But smart guns won’t be a quick lifesaver because traditional guns are so prevalent, said James Pasco Jr., executive director for the Fraternal Order of Police.
Although it is impossible to know how many guns exist, the National Opinion Research Center at the University of Chicago reports that in 2014, 31 percent of U.S. households reported having a firearm.
“It would be centuries at the rate we’re going before it had any material effect on crime or even on accidental shootings,” Pasco said.
Pasco’s group doesn’t oppose a move to smart guns, but argues that law enforcement agencies shouldn’t be forced to adopt them.
Mossberg, the gunmaker, said he doesn’t want his products to be mandated either, which is exactly what many say a 2002 New Jersey law does.
“I’m first an American, second a businessman,” Mossberg said. “And that’s just wrong. Nobody should be told what to buy.”
Under the law, three years following the retail sale of a smart gun anywhere in the U.S., all guns sold in New Jersey would have to be smart guns. Lawmakers in California tried to pass a similar law in 2014, but it failed.
But Teret, who worked on the New Jersey law, admits that the mandate may have discouraged gunmakers and dealers from bringing smart guns to market across the country because they did not want to trigger the New Jersey directive. So now, he and other supporters are trying to revise the law to allow stores to carry traditional guns as long as they carry at least one smart gun model.
Opponents of revising the law, such as the National Shooting Sports Foundation and other gun groups, say it will still be expensive for retailers to comply and won’t change criminal behavior.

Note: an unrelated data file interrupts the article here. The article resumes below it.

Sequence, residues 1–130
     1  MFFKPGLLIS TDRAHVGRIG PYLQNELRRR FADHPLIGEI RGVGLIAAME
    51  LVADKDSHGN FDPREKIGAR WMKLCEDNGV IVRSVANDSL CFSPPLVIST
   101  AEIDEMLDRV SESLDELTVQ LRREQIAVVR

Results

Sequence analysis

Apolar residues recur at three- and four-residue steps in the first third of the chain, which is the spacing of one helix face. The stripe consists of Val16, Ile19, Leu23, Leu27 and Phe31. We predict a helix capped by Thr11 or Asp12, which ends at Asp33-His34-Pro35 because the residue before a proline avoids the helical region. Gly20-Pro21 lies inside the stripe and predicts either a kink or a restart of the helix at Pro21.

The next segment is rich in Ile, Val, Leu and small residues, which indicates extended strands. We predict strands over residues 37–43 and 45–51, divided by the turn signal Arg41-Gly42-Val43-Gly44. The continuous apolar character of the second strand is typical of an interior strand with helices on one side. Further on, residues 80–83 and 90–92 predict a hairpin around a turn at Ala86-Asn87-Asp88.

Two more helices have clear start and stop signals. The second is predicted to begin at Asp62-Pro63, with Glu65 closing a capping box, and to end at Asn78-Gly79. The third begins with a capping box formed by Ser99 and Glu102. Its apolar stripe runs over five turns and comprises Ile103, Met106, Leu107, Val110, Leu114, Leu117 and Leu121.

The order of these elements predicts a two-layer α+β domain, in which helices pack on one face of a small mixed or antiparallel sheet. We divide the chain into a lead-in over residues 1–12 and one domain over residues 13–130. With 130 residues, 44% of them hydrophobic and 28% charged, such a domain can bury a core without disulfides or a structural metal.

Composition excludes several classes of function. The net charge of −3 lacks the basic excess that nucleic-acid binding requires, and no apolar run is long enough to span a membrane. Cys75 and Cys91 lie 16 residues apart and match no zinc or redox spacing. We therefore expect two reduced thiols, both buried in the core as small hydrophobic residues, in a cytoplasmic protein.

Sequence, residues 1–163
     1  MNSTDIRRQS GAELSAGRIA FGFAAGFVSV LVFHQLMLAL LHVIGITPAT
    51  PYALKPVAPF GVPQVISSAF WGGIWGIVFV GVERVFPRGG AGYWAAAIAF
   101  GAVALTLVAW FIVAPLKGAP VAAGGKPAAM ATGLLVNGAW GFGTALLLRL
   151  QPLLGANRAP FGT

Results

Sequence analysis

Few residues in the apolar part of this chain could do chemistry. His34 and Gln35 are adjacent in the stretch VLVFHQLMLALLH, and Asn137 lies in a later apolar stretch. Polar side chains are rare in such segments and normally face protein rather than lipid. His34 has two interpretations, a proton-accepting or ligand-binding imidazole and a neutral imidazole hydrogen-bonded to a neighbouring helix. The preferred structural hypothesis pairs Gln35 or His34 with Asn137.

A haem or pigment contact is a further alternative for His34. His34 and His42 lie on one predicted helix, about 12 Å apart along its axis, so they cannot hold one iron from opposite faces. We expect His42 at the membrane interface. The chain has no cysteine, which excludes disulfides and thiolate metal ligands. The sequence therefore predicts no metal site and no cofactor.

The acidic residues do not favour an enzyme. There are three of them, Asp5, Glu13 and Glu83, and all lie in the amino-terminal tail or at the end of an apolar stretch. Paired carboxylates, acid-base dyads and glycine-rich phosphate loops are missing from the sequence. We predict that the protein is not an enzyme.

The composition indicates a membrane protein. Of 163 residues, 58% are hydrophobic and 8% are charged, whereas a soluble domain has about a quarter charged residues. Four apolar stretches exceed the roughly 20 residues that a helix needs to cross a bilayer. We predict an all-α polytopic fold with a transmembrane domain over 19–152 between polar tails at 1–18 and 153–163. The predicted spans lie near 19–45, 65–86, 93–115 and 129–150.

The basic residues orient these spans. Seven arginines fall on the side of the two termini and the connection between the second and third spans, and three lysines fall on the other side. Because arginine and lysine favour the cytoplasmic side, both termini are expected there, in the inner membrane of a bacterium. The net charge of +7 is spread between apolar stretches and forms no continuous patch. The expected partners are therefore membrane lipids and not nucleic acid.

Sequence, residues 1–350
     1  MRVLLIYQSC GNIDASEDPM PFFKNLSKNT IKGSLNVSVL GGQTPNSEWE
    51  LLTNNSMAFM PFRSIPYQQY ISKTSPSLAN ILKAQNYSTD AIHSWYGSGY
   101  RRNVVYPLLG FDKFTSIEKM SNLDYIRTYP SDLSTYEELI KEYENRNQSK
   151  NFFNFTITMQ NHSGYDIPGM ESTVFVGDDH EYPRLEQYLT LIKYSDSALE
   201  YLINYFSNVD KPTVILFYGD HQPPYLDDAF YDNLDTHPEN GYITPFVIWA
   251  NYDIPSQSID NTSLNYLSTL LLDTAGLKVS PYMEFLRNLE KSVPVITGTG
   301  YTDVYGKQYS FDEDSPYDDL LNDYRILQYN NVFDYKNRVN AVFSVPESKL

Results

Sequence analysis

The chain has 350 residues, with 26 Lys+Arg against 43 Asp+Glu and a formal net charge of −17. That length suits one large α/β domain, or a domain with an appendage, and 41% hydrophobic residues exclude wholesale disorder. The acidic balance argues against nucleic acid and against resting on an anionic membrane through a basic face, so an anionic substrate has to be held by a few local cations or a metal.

Gun ownership groups aren’t trying to block the technology, but gun owners should not be limited to a specific kind of gun, said Scott Bach, director of the New JerseyAssociation of Rifle and Pistol Clubs.
“If you want this technology to develop, take the mandate out,” Bach, also a National Rifle Association board member, told a New Jersey Senate committee last fall. “Take government hands off the process and let the technology develop naturally. Let’s see if there’s a market.”
Federal officials say they are trying to spur innovation and create a market for smart guns, not mandate them. And the 9th Circuit Court of Appeals in San Francisco soon may decide whether states can mandate their sale.
The court is considering a challenge to a 2003 California statute that requires that gunmakers produce firearms that indicate when there is a bullet in the chamber and won’t discharge when a gun’s magazine is detached.
Will they work for police?
Some local law enforcement leaders, like the San Francisco police chief, say they will welcome the opportunity to test smart guns. But it’s unclear whether police officers will embrace the technology.
Pasco, for instance, questions whether smart guns will be practical for police officers who may need to fire with the hand not wearing the radio frequency device or potentially use a colleague’s gun in an emergency.
“What do you do if your partner is down and your partner’s gun is available, but yours isn’t? You pick the gun up and you can’t shoot it,” Pasco said.
Mossberg acknowledged his guns likely won’t take off with police departments. He and Teret say they think the guns will have success with people who work by themselves and carry guns in public, such as air marshals, security guards and some school teachers — and who don’t want their guns to get in the wrong hands.
“I would hate to see some crazy guy take the air marshal’s gun when you’re 35,000 feet in the air and have the gun be able to work for him,” Teret said.
Parents who want to keep guns at home might also be eager to buy smart guns. A survey conducted last year by Teret and his colleagues found that 59 percent of Americans would be willing to buy a childproof smart gun, if they were going to purchase a new handgun.
What doesn’t appear to be in dispute is that smart guns likely could save some lives. “It’s just like airbags in cars,” Teret said. “We knew they would save lives, but we couldn’t tell how many until they got into the cars.”
This story was produced by Stateline, an initiative of The Pew Charitable Trusts.